The sea does not only contain fish. It also contains massive amounts of vegetation. There are thousands of different plant species in the ocean, some of which are highly nutritious. They are generally referred to collectively as algae. Seaweed is popular in dishes like sushi. Many sushi dishes include a type of seaweed called nori, which serves as an edible wrapper.
In many cases, seaweed is even more nutritious than land vegetables. They are particularly rich in minerals such as calcium, iron, magnesium and manganese. They are also loaded with various bioactive compounds, including phycocyanins and carotenoids. Some of these substances are antioxidants with powerful anti-inflammatory abilities. But seaweed really shines with its high content of iodine, a mineral your body uses to make thyroid hormones. Just eat an iodine-rich seaweed like kelp a few times a month to give your body all the iodine it needs. If you don’t like the taste of seaweed, you can also take it as a supplement. Dried kelp tablets are very inexpensive and loaded with iodine.

4. Garlic

Garlic is truly an amazing ingredient. It can make all kinds of bland dishes delicious, and it’s very nutritious. It is rich in vitamins C, B1 and B6, as well as calcium, potassium, copper, manganese and selenium. Garlic is also rich in beneficial sulfur compounds such as allicin. Numerous studies suggest that allicin and garlic can reduce blood pressure as well as total cholesterol and LDL (bad cholesterol). They also help raise HDL (good cholesterol), potentially reducing the risk of heart disease. Garlic also has various cancer-fighting properties. Some old studies suggest that people who eat a lot of garlic have a much lower risk of several common cancers, especially colon and stomach cancers. Raw garlic also has significant antibacterial and antifungal properties.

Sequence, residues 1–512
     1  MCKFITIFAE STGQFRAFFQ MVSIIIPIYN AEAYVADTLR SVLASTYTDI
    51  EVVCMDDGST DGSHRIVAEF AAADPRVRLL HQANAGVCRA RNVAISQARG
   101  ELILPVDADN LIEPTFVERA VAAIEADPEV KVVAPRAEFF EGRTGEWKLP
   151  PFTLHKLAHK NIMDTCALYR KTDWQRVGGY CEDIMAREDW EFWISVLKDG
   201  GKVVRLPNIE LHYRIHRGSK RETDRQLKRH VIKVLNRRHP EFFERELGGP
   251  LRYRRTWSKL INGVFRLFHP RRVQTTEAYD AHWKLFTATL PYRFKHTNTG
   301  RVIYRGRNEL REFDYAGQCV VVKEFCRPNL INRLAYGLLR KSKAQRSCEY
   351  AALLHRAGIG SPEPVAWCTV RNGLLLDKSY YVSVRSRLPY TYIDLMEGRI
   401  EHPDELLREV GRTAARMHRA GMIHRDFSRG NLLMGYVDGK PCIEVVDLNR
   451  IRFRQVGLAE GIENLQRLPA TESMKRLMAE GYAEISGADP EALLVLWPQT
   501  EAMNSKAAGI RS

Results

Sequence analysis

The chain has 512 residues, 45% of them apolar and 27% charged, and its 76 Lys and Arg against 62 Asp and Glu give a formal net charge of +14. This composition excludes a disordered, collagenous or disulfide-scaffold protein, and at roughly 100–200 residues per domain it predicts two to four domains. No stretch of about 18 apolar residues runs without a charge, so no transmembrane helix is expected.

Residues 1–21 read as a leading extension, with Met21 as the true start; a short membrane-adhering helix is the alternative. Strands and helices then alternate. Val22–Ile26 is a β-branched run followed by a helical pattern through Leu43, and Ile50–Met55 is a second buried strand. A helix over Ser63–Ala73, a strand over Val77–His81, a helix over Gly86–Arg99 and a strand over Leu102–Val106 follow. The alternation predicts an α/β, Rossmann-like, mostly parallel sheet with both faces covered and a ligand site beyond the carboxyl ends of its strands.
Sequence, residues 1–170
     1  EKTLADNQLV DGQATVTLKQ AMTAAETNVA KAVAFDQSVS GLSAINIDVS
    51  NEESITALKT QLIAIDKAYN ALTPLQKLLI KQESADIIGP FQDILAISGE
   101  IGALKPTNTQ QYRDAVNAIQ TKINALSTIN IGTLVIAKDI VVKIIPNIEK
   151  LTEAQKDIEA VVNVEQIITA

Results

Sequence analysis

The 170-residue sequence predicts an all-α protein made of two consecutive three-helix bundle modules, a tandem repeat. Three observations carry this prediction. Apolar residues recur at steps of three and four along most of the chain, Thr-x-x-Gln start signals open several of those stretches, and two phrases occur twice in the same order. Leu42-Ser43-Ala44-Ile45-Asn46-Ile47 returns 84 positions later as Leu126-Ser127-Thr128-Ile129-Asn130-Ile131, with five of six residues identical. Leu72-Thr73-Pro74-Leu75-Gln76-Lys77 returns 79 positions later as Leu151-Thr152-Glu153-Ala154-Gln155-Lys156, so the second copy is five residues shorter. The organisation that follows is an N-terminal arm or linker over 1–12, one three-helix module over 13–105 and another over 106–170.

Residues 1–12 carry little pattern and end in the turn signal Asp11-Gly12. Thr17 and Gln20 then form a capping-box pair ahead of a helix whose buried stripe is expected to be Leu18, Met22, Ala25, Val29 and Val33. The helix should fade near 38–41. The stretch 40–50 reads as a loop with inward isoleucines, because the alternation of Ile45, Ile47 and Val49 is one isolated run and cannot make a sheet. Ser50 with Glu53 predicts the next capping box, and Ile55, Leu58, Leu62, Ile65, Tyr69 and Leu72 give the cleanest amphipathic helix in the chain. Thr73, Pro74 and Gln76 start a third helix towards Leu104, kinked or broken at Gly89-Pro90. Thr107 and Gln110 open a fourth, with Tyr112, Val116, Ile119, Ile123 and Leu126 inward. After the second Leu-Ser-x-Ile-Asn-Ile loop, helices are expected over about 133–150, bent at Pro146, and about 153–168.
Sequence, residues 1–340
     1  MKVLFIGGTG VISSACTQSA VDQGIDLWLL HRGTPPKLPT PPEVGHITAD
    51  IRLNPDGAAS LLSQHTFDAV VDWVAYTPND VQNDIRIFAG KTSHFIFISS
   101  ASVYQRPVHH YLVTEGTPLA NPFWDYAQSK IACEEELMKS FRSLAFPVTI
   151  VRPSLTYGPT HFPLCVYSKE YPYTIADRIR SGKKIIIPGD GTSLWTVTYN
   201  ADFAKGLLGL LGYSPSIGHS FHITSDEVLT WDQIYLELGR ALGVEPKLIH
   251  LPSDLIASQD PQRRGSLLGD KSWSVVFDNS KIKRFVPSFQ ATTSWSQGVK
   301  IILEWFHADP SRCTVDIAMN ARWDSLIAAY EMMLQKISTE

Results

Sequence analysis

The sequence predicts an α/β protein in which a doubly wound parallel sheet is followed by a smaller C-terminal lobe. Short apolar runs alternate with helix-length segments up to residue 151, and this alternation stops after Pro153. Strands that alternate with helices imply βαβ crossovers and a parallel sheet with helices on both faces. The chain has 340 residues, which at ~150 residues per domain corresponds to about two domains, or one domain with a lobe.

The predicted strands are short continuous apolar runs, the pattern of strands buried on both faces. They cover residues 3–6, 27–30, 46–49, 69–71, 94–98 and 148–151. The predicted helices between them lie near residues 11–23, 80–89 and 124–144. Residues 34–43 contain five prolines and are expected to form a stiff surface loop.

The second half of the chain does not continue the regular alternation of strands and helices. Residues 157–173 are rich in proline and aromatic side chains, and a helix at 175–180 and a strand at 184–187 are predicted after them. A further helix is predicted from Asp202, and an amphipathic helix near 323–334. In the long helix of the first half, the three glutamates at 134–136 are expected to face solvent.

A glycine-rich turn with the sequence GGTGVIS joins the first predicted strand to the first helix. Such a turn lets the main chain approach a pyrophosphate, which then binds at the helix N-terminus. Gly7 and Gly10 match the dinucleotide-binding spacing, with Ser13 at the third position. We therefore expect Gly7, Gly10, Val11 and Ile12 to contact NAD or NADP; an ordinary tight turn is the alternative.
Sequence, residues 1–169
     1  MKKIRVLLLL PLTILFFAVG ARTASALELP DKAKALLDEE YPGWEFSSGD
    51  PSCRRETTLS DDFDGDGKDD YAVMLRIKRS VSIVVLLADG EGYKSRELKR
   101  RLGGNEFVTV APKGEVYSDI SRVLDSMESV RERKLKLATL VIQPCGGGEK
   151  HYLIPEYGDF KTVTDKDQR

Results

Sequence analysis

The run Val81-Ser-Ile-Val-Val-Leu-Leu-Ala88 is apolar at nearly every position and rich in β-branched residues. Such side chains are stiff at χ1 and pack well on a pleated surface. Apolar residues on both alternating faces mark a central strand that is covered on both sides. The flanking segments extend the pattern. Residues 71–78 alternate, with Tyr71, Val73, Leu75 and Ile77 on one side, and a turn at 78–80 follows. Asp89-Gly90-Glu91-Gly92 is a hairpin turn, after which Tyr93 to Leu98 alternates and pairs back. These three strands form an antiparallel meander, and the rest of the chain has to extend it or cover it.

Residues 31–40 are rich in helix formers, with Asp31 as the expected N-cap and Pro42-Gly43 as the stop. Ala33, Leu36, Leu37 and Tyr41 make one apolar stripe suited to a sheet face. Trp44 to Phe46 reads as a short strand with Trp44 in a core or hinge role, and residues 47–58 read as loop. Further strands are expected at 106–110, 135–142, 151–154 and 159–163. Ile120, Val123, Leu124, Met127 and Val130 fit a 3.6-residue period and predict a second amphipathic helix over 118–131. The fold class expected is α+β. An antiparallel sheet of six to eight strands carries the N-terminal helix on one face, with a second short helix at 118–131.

5. Shellfish

Many marine animals are nutrient dense, but shellfish are perhaps among the most nutritious of them all. Clams, oysters, scallops, and mussels are commonly eaten types of shellfish. Clams are among the best sources of vitamin B12 out there, with 100 grams of clams providing over 16 times the RDA. They are also rich in vitamin C, various B vitamins, potassium, selenium and iron. Oysters are also very nutritious. Just 100 grams provides 600% of the AQR for zinc, 200% of the AQR for copper, and large amounts of vitamin B12, vitamin D, and several other nutrients. Although shellfish are among the most nutritious foods in the world, most people rarely eat them.